I'll start with the tired, too often, truth that every guitar is different. I've personally played several Martin, Gibson, fill in the name of choice guitars that I felt didn't live up to my expectations. I came very close to forking over a lot of dollars for a D 35 back in the late '70s. At the last moment, I decided on a different guitar, different maker. Not once, over the next 30 some years have I regretted it even though the Martin would have appreciated pretty well while my choice MIGHT bring about what I paid for it back then. 

One of the risks of acquiring a non functional instrument is that you can't really evaluate it for sound and feel until it's repaired. I've repaired quite a few instruments that were OK but certainly not what I might have expected. I have learned that this is pretty much how it goes and that the surprise is when one exceed my expectations.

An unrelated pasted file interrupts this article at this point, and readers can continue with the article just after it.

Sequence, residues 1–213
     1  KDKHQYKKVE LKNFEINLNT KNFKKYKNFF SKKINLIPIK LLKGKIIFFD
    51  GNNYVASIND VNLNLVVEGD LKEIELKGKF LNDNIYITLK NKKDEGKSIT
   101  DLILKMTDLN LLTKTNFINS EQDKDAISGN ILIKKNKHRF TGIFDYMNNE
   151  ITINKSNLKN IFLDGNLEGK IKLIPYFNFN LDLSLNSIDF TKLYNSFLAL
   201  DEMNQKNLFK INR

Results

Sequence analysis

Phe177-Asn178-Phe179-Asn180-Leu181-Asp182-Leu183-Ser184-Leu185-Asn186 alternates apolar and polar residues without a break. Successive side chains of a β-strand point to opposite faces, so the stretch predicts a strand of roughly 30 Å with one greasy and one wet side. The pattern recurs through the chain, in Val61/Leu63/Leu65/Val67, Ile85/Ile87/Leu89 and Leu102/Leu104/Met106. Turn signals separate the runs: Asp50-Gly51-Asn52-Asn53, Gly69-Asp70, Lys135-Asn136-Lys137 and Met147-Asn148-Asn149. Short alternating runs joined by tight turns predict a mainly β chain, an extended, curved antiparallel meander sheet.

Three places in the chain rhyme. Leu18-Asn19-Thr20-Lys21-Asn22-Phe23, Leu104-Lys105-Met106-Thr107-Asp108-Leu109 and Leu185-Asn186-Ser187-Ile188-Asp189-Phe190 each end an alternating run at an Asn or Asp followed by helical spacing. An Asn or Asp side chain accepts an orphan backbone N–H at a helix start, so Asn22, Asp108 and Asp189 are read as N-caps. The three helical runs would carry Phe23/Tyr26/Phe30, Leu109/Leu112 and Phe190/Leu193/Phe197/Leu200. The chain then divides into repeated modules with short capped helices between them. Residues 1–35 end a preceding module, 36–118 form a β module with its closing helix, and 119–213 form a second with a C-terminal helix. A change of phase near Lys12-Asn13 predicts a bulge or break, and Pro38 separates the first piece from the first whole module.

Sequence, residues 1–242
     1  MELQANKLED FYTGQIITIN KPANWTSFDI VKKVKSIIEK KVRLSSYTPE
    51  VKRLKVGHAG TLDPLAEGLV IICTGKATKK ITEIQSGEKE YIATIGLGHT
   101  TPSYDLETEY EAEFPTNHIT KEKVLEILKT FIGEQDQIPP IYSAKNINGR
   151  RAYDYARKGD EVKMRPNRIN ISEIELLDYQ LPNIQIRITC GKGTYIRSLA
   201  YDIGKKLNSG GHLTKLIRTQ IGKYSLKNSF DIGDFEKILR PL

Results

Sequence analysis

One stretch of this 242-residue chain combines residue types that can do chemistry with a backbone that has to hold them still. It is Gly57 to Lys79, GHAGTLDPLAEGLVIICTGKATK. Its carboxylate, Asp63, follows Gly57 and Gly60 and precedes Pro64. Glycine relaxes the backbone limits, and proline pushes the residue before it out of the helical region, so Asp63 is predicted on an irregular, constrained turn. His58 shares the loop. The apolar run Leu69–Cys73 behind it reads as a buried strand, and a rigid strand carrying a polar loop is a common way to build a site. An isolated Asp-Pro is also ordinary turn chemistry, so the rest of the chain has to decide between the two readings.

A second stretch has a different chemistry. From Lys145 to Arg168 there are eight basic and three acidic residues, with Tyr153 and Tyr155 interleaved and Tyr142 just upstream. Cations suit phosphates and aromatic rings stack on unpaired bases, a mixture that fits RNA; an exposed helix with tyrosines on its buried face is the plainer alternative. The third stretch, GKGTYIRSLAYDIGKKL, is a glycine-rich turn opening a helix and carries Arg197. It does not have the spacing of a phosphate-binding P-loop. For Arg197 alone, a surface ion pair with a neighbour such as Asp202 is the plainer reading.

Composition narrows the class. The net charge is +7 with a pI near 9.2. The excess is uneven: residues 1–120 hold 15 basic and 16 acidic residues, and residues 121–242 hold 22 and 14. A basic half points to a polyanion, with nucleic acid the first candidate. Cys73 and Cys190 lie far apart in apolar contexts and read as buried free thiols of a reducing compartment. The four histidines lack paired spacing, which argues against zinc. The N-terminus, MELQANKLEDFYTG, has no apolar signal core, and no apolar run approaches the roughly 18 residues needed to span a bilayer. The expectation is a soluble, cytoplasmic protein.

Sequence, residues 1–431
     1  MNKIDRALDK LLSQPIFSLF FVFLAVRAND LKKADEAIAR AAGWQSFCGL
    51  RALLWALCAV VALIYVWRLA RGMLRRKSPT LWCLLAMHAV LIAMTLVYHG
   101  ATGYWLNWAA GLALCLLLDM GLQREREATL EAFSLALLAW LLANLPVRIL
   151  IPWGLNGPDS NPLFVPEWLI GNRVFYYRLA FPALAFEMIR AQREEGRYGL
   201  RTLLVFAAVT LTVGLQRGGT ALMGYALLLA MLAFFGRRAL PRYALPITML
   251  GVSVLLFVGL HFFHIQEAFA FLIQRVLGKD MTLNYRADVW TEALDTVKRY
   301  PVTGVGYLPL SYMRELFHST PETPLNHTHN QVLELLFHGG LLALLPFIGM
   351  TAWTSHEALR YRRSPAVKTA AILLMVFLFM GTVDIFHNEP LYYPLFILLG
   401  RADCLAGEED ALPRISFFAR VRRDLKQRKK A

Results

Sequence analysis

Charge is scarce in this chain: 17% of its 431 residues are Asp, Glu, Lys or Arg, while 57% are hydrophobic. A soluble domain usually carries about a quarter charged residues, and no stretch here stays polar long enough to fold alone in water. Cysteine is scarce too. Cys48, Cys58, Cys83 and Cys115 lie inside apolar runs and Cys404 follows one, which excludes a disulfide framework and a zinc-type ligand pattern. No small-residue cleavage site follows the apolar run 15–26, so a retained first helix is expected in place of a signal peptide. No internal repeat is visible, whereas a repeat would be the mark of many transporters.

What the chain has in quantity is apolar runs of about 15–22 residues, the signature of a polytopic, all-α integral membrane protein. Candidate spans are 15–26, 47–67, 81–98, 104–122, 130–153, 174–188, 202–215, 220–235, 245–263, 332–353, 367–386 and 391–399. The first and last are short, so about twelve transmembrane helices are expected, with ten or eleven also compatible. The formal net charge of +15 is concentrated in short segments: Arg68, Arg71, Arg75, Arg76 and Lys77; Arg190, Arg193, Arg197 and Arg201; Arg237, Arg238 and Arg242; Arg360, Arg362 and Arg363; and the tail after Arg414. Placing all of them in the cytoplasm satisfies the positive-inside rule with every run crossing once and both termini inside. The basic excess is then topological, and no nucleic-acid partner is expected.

There may be somethings you can do to help the sound.  

First; I wouldn't touch the bracing unless you are prepared/willing to completely rebuild the bracing or trash the instrument. It's not so easy to re-graduate of the braces correctly through the sound hole and it's completely easy to make a hash of it.

Second; I think the first thing I would actually do, and I say this with major personal reservation, would be to try medium gauge strings.  I really don't like them and I don't use them on any of the guitars that I presently play. That said, some guitars really do come alive with heavier strings. I have a D-18 that plays and sounds just fine with light gauge strings but I've also played several that sound pretty much as you described your's sounding with light strings.

Third;  You can change the bridge and nut to bone which may help a bit but I wouldn't expect too much. If your's were plastic, I'd  be more definite but I'm not sure how much difference it will make. If you do want to change the nut and bridge, do it and the string change at the same time. You should run through a complete setup with the string change anyway so it would be a best to do it all at once.